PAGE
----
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Soda Ban and the Government Leviathan

In recent decades, the judiciary has been at the forefront of efforts to expand the power of government and to restrict the rights of the individual citizen. But today at least one judge has struck a blow against the nanny state and its billionaire advocate. Justice Milton A. Tingling of the New York State Supreme Court handed down a ruling today that prevents the city of New York from putting into effect Mayor Michael Bloomberg’s law banning the sale of certain sizes of sugared drinks. While Bloomberg’s administration plans to appeal the decision, for now the effort to prevent New Yorkers from making a choice about what kind and what amounts of drinks to consume has been shelved.

Tingling rightly blasted the law as “arbitrary and capricious” since the text of the law was a confused mess. Only some types of sugared drinks were targeted for the new rules and the sales would only be restricted in some types of establishments. The legislation seemed designed to mandate “uneven enforcement even within a particular city block, much less the city as a whole.” Moreover, the loopholes within the rule effectively defeated the purpose of the entire endeavor.

But Tingling’s critique was not merely about the poor drafting of the law. Far more important was the city’s decision to give itself far-ranging power to act in the name of public health. By saying it had the right to tell people how much soda they could drink in this manner it was establishing a government monster “that would leave its authority to define, create, mandate and enforce limited only by its own imagination.” The result would be to “create an administrative Leviathan.” In doing so, the judge highlighted the fact that this controversy isn’t about whether sugared drinks are healthy but whether the impulse to do good gives Bloomberg, New York or any legislature or government bureaucrat unlimited power to restrict individual rights.

Let’s specify that drinking large amounts of sugared drinks is unhealthy and that obesity has become a serious health problem in the United States. The government’s duty to protect public health does give it the right to ban certain types of dangerous substances. But even if the consumption of large amounts of sugar is bad for us, that doesn’t mean New York City, or any municipality that wants to turn itself into a nanny state, should have the ability to tell citizens how much of a legal substance they can or cannot eat or drink so long as doing so does not create an imminent danger to public safety–as with alcohol.

The soda ban was poorly drafted and created an inconsistent and hypocritical set of rules that wouldn’t have done much, if anything, to make anyone healthier. But the issue here is whether the desire to improve our health is sufficient to justify the abrogation of individual rights. The point is not so much the right to imbibe 32-ounce drinks at the movies as it is whether there is anything the government may not regulate in its zeal to become the food police.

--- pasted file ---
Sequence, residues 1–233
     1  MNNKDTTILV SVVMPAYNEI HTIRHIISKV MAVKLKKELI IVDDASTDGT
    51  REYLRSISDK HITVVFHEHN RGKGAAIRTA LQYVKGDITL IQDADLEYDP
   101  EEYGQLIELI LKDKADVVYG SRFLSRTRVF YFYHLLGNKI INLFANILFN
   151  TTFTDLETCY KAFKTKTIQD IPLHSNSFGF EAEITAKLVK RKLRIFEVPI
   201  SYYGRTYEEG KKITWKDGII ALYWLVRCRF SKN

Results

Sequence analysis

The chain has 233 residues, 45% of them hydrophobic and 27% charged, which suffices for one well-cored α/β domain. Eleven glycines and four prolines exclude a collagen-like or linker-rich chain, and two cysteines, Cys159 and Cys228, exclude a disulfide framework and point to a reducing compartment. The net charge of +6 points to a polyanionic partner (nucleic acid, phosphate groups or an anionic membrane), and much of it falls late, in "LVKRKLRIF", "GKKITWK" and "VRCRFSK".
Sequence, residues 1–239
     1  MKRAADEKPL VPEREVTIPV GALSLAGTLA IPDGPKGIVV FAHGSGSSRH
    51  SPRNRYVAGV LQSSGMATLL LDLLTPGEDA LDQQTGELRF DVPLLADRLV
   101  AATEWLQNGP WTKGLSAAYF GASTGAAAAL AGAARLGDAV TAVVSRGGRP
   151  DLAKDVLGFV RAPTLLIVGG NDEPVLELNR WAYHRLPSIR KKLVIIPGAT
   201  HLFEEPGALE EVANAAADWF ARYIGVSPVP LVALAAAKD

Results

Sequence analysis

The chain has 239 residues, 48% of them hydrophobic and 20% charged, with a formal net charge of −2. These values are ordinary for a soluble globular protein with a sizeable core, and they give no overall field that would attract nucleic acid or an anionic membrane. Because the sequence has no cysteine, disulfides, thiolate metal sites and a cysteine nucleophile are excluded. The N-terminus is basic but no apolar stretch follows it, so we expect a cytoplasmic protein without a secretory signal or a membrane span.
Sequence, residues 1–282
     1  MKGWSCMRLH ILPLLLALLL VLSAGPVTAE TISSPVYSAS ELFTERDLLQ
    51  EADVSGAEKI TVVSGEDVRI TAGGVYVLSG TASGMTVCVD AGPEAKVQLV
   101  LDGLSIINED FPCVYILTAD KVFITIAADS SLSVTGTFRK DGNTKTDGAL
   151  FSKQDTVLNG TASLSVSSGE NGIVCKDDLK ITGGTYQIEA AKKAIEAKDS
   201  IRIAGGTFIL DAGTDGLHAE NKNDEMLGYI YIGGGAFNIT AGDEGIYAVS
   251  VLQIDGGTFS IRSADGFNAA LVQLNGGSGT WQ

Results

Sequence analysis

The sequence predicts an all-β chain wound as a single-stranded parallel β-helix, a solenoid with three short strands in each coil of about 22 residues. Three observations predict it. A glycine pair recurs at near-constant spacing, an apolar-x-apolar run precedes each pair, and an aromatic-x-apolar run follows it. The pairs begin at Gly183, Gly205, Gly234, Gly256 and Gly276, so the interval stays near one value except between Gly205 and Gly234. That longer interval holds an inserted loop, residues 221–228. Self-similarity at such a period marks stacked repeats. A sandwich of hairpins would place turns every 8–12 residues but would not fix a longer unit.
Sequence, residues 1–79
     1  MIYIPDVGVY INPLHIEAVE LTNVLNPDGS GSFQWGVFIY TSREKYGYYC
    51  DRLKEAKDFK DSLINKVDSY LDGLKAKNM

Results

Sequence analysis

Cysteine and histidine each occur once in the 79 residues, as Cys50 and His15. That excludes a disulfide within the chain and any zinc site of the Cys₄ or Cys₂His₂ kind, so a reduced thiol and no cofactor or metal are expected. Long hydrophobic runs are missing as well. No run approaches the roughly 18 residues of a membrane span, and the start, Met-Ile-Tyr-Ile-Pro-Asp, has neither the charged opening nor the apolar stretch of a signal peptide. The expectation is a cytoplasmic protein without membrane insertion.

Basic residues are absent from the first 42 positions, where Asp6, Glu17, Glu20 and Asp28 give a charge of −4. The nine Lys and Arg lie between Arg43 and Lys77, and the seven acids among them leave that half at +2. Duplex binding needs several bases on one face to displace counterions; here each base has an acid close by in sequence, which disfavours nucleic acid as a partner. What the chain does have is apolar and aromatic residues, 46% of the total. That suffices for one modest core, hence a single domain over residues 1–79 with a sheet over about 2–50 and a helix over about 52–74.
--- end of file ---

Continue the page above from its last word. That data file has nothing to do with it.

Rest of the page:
The context for this battle is the shift in opinion in which health has replaced, or rather now serves as a substitute for, virtue in our public square. Smoking is a vile, anti-social habit that poisons the air we breath as well as the lungs of nicotine addicts. But it has now assumed an evil status that was once reserved for ethical or moral transgressions about which a culture of moral relativism now informs us we must be nonjudgmental. But anything that can be branded as unhealthy bears with it the mark of Cain today.

If we are now a nation that treats the fad of organic food as a religious obligation and worships health the way we once celebrated moral behavior or piety, so be it. But if we are to translate these beliefs into law then the same danger applies to other attempts to legislate certain types of morality.

A government that can tell citizens what to eat or drink or how much can be legally consumed is one in which individual liberty is now considered a less important value than the dictates of dieticians. Neither the obesity epidemic nor any other health issue based in individual choice can give New York City, or any other government, such power. We can only hope that Judge Tingling’s ruling stands and prevents further attacks on liberty in New York and any other place where politicians seek to use public health as a lever to abrogate individual rights.


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